What to do on Father’s Day when it’s time to eat and you want to serve something manly and filling? Other than steak, that is.

Beef may claim to be what’s for dinner in America, but in the Middle East that honor often goes to lamb. It’s prepared in innumerable ways, but my favorite is when the lamb is ground, spiced and grilled, then topped with some kind of yogurt sauce and finally tucked into a pita. And that’s how we’re rolling here.

Janice Goehring of Gridley heard about the Monte Cristo sandwich and wanted to know how it was made.

A campfire sounded friendly, so I bought a fire pit. After I twisted the metal feet onto the metal bowl, I was stumped. Fire doesn’t require feet.

When chef Josh Feathers was growing up in Tennessee, his grandmother always had a jar of sorghum syrup in the cupboard. But he never gave much thought to it, or its significance to Southern culture.

We all know fire works wonders on meat and vegetables. But we often forget that it also can do amazing things for fruit.

Margaret Rhode of Rancho Cordova was looking for a place to buy good-quality, old-fashioned bologna.

That outdoor fire can be used for more than meat.

Deborah Madison revises her epic cookbook that offers a approach that’s comfortable to even the reluctant vegetable eater.

A lentil soup recipe request is answered.

Climbing temperatures are a cue that it’s time to scale back on deep red wines and heavy beers and start pointing customers to more refreshing options: crisp white wines, light beers and mixed drinks swimming with seasonal fruits, herbs and ice.

It’s cruel timing. Months go by without fresh local fruit, and then, it seems, everything comes in at once.

Grilling already has its steaks, slabs and skewers. With summer coming, maybe it’s time to slap another “s” down on that sizzlin’ hot grate – as in “stuffed.”

Homemade lemonade is an essential taste of summer. But concentrates and powders simply won’t suffice.

This is the season for baseball, backyard grill-fests and hot dogs galore. Americans will consume about 7 billion hot dogs between Memorial Day and Labor Day, according to the National Hot Dog and Sausage Council.

It’s barbecue season, and everyone is looking for new ways and helpful tips to get grilling.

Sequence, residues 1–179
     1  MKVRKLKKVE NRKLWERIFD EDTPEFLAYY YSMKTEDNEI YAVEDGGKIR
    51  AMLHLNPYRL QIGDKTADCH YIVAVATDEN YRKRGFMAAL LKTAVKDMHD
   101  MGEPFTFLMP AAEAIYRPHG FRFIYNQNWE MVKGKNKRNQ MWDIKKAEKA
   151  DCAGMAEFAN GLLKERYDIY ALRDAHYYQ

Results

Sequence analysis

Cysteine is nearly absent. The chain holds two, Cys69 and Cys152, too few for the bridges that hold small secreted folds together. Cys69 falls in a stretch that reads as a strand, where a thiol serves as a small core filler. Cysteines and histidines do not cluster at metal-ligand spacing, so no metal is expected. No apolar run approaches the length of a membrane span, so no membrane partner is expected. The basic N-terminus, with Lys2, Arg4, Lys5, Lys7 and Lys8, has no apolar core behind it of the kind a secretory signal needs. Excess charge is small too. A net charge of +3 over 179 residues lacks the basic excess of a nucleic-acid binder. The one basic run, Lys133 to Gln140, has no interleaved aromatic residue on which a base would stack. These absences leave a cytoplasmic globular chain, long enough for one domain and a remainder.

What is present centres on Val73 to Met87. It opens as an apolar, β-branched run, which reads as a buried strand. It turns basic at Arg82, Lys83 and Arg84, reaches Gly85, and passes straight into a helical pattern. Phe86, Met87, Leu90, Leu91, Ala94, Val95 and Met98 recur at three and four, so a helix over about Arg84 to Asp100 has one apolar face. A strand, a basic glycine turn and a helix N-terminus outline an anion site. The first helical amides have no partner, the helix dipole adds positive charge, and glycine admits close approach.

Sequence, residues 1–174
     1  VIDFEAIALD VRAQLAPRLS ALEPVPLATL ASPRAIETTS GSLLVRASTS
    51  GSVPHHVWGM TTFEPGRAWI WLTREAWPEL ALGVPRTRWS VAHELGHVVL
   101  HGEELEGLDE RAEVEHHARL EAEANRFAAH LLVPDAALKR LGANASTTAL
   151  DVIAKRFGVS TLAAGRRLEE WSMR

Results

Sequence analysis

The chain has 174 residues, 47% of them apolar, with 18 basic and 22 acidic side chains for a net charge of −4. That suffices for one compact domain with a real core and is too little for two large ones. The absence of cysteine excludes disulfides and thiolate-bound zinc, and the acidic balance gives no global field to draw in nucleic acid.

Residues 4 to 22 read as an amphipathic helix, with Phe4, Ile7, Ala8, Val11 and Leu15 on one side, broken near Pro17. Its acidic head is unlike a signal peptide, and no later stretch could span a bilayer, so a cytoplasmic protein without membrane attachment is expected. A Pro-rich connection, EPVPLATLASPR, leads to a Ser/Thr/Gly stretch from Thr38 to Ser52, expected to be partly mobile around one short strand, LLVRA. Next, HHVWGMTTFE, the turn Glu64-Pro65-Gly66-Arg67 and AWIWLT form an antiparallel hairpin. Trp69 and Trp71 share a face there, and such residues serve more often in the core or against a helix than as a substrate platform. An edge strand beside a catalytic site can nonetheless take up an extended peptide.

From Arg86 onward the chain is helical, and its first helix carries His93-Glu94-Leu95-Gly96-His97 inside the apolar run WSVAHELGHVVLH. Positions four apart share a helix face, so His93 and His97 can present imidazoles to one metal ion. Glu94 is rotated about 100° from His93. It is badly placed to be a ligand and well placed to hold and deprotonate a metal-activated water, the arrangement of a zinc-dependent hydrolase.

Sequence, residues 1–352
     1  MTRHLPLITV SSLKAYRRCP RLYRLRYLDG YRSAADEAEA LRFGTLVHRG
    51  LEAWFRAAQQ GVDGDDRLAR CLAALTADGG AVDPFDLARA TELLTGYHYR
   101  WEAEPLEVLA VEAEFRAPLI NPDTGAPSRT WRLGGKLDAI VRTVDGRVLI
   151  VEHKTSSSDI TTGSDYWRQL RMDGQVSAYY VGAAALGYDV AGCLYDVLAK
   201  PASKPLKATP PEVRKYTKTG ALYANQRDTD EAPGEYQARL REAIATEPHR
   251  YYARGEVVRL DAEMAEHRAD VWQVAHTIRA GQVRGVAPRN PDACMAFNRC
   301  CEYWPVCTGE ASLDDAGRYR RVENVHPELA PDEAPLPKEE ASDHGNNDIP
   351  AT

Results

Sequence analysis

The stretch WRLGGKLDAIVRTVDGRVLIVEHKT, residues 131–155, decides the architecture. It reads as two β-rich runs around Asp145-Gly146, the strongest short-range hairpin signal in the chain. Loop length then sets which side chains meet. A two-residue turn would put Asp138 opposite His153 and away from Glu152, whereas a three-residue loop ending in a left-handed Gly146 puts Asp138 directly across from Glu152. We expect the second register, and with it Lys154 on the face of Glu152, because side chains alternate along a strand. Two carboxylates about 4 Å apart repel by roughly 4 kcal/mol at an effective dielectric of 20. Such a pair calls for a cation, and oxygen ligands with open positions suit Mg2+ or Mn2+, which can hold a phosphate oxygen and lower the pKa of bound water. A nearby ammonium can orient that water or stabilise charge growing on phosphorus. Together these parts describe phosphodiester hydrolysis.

Nancy Brewer of Sacramento was looking for suggestions on using leftover meatloaf besides spaghetti sauce.

What wrinkles? These dried plums can help you feel healthier (and regular).

When it comes to ice cream, I generally feel it’s hard to improve on a simple scoop right out of the carton. But this time my mind has turned to baked Alaska. I know … how retro!

The recipes for stews and roasts and thick soups (not to mention those big pots) are packed away. Tastes have turned to spring vegetables and lighter seasoning combinations.

Pam Braun knows firsthand the power of food. A late-stage cancer survivor, she’s sure that food saved her life – but only after she changed what she ate.

How many breakfasts in bed does it take for a mom to get sick of breakfast in bed on Mother’s Day?

Bill Kenney of Rescue is a big fan of the Korean Plaza Market in Rancho Cordova. The one thing he can't find on their menu is char siu. He was hoping someone could help.

When the Zac Brown Band hits the road, its members take their instruments, amps and a 54-foot custom food truck called “Cookie.”

You can spend lots of cash outfitting your kitchen – with designer pots and pans, with gadgets large and small – and wonder where all the money went. That’s not the case with cast iron. It’s inexpensive, sturdy as a tank, versatile as a Swiss Army knife and, best of all, will probably outlive you.

With spring in the air, coconut cake seemed like the perfect recipe to offer readers. But which cake?

My son’s fourth grade math homework has taught me an incredibly valuable lesson. About bourbon.